The city’s master plan adopted in 1970 has been highly successful, including a downtown ballpark for its Red Sox farm team, the Greenville Drive. The ballpark seats 5,000 and you can take in a ballgame for $8 reserved, $5 on the grass lawn in left field.
    The ballpark sits in the West End Redevelopment area at the end of Main Street, which is lined with sidewalk dining spots, parks, museums, galleries, etc. You can hop a free trolley on one end of Main and ride to the ballpark. Now this is city planning at its best. Check it out yourself. http://www.greenvillecvb.com/

  31. I am amused with commenters who seem to have just oome on to the scene. From the early days in Fremont, there was a Civic Center concept and a Central Park concept. They are separate areas. The Civic Center includes the Library, old City Hall, Police Station, etc. The park is adjacent and contains the recreational uses (including the dreaded water park.) They are separate.

    Maybe this whole ball park thing will go away now that the NFL is trying to build a stadium which will house both the 49ers and the Raiders. This makes a great deal of sense, since each stadium is used about 12 times a year for each team. They build this and Oakland/Alameda County can rebuild the existing stadium for the A’s.

    I remembered the requirement per capita for parks, 5 acres per thousand people. We have 213,000 now, so we need to have a minumum of 1065 acres of park. We have just a bit more than that, as I recall.

    As to the special status for land designated for parks, the 40 acres Catellus gave to the city as a condition of development for Pacific Commons was once to be designated as “city park”, but it was decided that would make its use too restrictive, sot it became simply referred to as city lands.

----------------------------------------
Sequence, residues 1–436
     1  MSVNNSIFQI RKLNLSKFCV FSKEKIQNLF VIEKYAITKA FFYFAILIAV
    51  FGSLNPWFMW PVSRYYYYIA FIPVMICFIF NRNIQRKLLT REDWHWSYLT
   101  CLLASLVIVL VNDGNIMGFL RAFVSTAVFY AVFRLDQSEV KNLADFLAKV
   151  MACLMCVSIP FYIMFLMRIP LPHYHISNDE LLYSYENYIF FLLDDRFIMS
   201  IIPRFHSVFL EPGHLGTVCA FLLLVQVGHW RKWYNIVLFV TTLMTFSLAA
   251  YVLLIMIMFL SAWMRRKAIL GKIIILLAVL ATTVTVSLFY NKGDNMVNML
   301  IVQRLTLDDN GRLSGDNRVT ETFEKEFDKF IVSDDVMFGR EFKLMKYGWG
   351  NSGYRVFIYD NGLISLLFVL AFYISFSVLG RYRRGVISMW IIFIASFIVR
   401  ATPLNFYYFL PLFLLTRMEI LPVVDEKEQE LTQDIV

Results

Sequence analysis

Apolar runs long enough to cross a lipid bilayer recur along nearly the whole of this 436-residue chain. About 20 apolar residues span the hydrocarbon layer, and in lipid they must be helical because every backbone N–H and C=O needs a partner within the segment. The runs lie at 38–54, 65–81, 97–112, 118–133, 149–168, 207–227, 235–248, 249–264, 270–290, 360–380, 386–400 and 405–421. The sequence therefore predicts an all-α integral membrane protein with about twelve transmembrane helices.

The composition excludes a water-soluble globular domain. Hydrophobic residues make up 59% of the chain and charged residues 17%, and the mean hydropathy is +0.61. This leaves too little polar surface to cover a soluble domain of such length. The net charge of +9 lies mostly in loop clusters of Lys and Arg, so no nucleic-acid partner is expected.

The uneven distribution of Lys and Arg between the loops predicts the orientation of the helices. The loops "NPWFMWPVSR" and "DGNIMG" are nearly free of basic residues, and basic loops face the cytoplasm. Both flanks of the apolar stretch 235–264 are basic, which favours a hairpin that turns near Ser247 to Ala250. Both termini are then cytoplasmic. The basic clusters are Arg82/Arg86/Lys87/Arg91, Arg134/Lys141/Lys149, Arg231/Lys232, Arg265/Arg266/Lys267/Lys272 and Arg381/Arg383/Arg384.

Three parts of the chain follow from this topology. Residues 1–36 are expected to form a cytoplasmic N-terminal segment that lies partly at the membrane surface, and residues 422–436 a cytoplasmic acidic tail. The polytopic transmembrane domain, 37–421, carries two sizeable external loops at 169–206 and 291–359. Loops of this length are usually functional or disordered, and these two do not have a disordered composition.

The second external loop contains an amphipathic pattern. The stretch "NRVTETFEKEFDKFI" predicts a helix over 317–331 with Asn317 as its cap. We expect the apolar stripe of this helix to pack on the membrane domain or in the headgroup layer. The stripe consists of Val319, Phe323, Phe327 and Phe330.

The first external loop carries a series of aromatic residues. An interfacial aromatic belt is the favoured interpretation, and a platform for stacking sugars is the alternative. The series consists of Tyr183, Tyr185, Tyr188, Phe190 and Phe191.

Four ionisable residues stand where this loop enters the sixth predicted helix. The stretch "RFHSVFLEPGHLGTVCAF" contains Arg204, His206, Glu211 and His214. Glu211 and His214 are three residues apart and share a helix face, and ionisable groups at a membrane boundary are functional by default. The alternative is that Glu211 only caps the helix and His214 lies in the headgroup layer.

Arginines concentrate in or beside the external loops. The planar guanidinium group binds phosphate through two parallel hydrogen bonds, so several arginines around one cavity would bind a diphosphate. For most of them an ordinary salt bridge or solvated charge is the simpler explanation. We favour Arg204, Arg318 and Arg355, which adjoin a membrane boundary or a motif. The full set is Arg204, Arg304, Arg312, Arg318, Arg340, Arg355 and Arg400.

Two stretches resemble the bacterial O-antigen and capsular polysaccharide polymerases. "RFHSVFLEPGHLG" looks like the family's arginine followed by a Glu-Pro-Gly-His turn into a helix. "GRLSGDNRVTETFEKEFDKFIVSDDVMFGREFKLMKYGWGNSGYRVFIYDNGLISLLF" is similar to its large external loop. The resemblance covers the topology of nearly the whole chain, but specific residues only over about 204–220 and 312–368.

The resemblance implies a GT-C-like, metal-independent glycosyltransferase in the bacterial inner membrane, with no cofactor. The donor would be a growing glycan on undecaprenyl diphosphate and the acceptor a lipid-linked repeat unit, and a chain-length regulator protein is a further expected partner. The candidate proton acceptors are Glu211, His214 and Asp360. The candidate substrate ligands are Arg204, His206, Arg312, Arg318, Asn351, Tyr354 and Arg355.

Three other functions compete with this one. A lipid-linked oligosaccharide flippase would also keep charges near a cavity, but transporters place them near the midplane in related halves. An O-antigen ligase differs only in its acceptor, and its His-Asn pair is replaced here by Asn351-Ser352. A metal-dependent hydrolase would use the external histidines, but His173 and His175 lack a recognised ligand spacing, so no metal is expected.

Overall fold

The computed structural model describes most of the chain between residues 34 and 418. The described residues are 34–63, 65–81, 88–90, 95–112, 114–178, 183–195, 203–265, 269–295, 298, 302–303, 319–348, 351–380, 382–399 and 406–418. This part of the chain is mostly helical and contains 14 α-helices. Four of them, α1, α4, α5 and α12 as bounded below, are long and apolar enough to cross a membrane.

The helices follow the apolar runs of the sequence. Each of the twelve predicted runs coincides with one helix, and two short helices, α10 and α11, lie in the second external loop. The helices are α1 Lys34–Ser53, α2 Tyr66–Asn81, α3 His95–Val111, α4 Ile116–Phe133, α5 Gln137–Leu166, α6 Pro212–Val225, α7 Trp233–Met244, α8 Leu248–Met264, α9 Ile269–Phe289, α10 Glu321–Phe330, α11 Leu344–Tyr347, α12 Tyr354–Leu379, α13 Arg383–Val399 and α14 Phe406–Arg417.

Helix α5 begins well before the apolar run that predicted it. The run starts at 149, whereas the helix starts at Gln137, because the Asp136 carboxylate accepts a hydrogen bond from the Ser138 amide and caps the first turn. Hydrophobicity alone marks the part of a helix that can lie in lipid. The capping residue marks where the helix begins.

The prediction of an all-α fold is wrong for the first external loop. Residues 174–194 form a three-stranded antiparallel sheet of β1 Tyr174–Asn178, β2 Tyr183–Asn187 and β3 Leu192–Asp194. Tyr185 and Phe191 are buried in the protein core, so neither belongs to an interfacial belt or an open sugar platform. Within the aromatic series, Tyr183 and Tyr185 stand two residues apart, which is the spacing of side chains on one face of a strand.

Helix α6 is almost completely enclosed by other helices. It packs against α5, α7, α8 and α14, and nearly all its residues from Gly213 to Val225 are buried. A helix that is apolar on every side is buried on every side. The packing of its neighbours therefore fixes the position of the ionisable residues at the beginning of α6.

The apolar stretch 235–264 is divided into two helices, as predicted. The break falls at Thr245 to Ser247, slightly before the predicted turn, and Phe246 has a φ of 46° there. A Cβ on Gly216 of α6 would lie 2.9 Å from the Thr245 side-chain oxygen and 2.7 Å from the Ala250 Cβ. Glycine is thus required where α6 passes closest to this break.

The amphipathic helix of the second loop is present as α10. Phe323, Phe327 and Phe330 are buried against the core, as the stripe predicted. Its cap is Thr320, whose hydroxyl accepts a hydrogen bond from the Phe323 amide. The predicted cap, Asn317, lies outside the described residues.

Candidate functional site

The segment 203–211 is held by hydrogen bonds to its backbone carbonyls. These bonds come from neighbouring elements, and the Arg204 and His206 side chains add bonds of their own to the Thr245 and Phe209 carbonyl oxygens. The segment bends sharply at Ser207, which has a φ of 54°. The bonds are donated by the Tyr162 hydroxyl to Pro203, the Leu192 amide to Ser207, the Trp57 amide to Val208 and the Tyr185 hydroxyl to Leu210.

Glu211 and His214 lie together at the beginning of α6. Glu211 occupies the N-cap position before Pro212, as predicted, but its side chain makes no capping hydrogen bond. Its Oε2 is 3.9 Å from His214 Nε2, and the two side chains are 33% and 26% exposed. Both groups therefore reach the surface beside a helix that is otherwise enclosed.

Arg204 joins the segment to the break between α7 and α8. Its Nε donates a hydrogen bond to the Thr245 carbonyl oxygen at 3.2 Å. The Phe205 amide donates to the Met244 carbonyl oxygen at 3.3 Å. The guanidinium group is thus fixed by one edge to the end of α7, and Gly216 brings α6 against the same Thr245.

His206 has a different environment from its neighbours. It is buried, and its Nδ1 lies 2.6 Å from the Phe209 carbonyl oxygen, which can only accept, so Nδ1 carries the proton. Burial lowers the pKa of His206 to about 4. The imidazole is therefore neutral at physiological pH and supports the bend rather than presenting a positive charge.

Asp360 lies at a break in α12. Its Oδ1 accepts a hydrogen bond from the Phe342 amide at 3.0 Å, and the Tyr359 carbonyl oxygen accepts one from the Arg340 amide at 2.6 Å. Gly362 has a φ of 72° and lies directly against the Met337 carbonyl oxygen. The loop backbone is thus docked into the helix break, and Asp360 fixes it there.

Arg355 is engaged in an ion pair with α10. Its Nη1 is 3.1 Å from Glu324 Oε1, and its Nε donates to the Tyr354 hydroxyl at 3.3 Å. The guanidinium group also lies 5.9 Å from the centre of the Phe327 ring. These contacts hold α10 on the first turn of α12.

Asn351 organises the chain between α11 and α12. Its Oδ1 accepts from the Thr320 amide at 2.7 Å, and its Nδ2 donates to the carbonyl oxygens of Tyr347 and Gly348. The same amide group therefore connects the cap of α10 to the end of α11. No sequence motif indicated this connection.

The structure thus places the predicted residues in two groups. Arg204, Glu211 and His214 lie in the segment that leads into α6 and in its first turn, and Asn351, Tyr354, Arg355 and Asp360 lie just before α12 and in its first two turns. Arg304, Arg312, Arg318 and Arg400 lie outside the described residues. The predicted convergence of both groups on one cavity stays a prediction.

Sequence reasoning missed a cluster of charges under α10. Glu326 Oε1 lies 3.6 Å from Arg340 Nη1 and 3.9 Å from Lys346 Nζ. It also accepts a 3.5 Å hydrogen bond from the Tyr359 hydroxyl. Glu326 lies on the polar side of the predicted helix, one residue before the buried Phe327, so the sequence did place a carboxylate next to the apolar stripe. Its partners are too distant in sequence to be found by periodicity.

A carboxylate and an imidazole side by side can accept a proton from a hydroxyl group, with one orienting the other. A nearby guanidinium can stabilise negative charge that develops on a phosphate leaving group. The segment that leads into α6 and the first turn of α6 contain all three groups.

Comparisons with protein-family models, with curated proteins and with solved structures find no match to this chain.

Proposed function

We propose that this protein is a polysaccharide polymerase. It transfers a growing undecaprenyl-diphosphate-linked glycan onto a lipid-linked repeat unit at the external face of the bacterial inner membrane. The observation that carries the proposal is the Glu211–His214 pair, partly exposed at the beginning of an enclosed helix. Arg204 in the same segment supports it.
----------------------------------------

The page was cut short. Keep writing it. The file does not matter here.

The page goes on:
And, remember Central Park was funded first by a city bond issue with the voters approving a park, not a ball park and parking lot. There might be an argument that such an idea would need to go on a ballot.

    Again, a fun discussion, but an idea which cannot ever come to pass, IMHO.

  32. Thanks for the clarification on the lands; however, the parking could go in the CBD!

    I agree, let the voters of Fremont decide; after thorough further study of the two more “green” alternatives (per CEQA).

  33. bbox231 is right that City management currently lacks the necessary skill-set to deal with the ramifications of the proposed stadium project.

    I just can’t resist the temptation to remind everyone that City residents had the opportunity to have a mayor who posesses the skills and experience that we need in these circumstances and the voting public chose not to re-elect him. Now we’re reduced to reading his comments on this blog, rather than hearing them at Council meetings.

    They say voters get the representatives that they deserve. Those of us who knew better still suffer the consequences of “low-information voters”.

  34. Seriously, this whole thing is a discussion based on BS. People who work in the planning field thought this was a crazy “are you out of your mind” idea. La Boca are you assuming the public is to stupid to not figure out this is a bad idea. Why are you suggesting building a massive stadium in the middle of a beautiful park, across the street from 2 special needs schools, on streets that are already crowded and the list can go on. You are too self absorbed to see that people weren’t trying to block your idea, they were trying to keep you from looking like an idiot. Good job on losing all the respect you had.